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RxP aside, how do you psychiatry students feel about the big push for psychologists to get some level of medical training (MS program etc..). :confused:
 

mosche

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I am probably being non-PC, but I have NO problem with psychologists receiving medical training. I also have no objection to psychologists, who have the proper/adequate medical training, prescribing medications.

Okay, flame on.... But, please don't turn this into an Us vs. Them thread -- they're so overdone.
 

Anasazi23

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At that point, isn't it just easier to go to medical school and take some weekend courses in psychological testing?

You theoretically can't be a master of both unless attending both psychology grad school and medical school; I'd rather err on the side of knowing too much medicine, and not enough psych testing.

In medicine, a little bit of knowledge can be very dangerous.
 

mosche

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Anasazi23 said:
At that point, isn't it just easier to go to medical school and take some weekend courses in psychological testing?

You theoretically can't be a master of both unless attending both psychology grad school and medical school; I'd rather err on the side of knowing too much medicine, and not enough psych testing.

In medicine, a little bit of knowledge can be very dangerous.
I agree -- but if someone WANTS to take the long way around, more power to them.
 

Anasazi23

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The point of getting medical training is to practice medicine.

Psychologists should not be doing this.

Basically he's describing someone who goes to psychology school, gets trained as a psychologist, then takes cursory coursework, presumably with no clinical rotations with resident responsibilities (where "real" medicine is learned) then somehow applies this to psychiatric patients.

Seriously, if someone is so interested in mental health, medicine, and psychopharmacology, get your MD or DO and play all you want. That's what it is. Why do we have to invent some complicated, artificial degree program?

The extrapolation of this to other medical fields sounds even more ludicrous. Why not let the CCU nurse take medical courses, pharmacology training, and see cardiac patients? The standard of care in that scenario is to just see a friggin' cardiologist. The route for this type of education is already in place.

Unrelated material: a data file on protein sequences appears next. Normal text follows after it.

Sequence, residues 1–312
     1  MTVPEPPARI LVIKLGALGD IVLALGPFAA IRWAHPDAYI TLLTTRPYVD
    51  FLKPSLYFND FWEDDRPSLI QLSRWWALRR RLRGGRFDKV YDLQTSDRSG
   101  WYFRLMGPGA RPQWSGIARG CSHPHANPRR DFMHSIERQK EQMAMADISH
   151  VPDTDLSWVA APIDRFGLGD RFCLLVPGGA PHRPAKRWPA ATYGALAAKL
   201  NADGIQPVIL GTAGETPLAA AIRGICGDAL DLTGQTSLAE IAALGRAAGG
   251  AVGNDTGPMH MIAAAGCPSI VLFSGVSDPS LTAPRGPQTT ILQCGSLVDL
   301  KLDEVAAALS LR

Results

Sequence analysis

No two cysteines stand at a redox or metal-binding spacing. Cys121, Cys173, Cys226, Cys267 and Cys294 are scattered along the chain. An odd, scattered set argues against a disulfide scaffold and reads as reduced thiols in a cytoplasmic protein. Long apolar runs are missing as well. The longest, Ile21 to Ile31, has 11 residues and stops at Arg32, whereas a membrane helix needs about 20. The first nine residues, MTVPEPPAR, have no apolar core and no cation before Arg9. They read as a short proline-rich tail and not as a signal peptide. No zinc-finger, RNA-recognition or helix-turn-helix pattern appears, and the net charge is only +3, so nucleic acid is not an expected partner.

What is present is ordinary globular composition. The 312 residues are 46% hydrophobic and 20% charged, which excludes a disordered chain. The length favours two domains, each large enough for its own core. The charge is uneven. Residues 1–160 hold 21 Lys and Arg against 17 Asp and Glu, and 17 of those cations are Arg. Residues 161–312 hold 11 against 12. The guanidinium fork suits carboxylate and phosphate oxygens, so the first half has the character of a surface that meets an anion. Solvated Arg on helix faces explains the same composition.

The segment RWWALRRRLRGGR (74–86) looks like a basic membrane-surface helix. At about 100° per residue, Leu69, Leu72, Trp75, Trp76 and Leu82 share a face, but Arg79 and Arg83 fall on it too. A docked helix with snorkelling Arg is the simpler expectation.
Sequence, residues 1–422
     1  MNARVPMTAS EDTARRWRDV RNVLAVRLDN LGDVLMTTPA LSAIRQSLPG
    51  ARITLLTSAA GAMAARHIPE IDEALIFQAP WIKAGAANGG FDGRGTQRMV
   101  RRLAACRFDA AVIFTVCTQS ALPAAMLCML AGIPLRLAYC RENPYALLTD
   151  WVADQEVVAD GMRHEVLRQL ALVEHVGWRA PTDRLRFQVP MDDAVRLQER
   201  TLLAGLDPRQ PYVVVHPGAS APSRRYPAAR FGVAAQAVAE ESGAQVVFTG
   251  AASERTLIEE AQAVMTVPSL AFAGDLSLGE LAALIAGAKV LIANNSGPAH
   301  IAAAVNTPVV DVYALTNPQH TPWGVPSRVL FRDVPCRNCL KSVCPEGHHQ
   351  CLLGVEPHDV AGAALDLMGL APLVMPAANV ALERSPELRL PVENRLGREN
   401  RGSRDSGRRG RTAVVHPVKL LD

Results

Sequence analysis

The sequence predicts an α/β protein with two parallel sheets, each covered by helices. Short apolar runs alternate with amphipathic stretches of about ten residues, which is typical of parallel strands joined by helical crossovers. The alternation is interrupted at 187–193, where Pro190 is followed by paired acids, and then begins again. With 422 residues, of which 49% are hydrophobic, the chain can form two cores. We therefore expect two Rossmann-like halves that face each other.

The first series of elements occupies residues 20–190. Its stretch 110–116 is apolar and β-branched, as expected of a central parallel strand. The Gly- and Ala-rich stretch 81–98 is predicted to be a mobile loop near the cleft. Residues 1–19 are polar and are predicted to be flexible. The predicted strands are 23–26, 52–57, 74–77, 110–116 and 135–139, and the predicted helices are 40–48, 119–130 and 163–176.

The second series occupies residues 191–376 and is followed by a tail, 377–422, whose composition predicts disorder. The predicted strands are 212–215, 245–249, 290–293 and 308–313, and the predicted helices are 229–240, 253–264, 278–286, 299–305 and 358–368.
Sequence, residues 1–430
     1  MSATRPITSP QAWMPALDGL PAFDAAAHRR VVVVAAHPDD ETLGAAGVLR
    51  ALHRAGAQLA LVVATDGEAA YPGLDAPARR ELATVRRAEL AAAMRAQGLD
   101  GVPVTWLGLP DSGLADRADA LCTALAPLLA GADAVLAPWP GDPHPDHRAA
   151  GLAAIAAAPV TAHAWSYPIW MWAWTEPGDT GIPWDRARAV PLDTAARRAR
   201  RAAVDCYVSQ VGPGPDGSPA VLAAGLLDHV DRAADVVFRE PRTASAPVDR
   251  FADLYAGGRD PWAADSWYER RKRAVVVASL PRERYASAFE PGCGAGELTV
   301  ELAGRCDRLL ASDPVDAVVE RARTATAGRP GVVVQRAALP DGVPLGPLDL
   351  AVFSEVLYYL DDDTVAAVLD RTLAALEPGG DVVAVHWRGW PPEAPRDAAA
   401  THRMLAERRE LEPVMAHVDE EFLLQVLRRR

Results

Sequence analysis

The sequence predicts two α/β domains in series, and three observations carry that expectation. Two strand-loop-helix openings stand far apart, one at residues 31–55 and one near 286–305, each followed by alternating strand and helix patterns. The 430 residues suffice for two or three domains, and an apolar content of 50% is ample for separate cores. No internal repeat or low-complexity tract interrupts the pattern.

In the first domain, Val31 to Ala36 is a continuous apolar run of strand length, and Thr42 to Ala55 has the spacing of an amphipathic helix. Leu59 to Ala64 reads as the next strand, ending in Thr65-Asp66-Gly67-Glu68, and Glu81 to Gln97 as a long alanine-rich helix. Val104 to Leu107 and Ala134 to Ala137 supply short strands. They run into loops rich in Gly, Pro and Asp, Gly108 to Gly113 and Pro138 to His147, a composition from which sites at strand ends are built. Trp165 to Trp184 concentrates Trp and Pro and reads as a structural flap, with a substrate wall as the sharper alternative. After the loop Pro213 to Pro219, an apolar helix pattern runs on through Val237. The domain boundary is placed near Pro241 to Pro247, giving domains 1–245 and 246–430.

There is no Master's in medicine that I'm aware of that carries any kind of serious clout. This doesn't really seem to be a realistic question.

If all you want is medical training and/or knowledge for your personal interest...be my guest. But the minute you start applying or making medical recommendations - that's a serious problem for both you and the patient.
 

mosche

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Anasazi23 said:
The point of getting medical training is to practice medicine.

Psychologists should not be doing this.

Basically he's describing someone who goes to psychology school, gets trained as a psychologist, then takes cursory coursework, presumably with no clinical rotations with resident responsibilities (where "real" medicine is learned) then somehow applies this to psychiatric patients.

Seriously, if someone is so interested in mental health, medicine, and psychopharmacology, get your MD or DO and play all you want. That's what it is. Why do we have to invent some complicated, artificial degree program?

The extrapolation of this to other medical fields sounds even more ludicrous. Why not let the CCU nurse take medical courses, pharmacology training, and see cardiac patients? The standard of care in that scenario is to just see a friggin' cardiologist. The route for this type of education is already in place.

There is no Master's in medicine that I'm aware of that carries any kind of serious clout. This doesn't really seem to be a realistic question.

If all you want is medical training and/or knowledge for your personal interest...be my guest. But the minute you start applying or making medical recommendations - that's a serious problem for both you and the patient.
Point taken. However I was assuming "medical training" to be all encompassing. I do not think that it ought to be a "short cut". But, provided that it's all encompassing, I still stand by my original argument.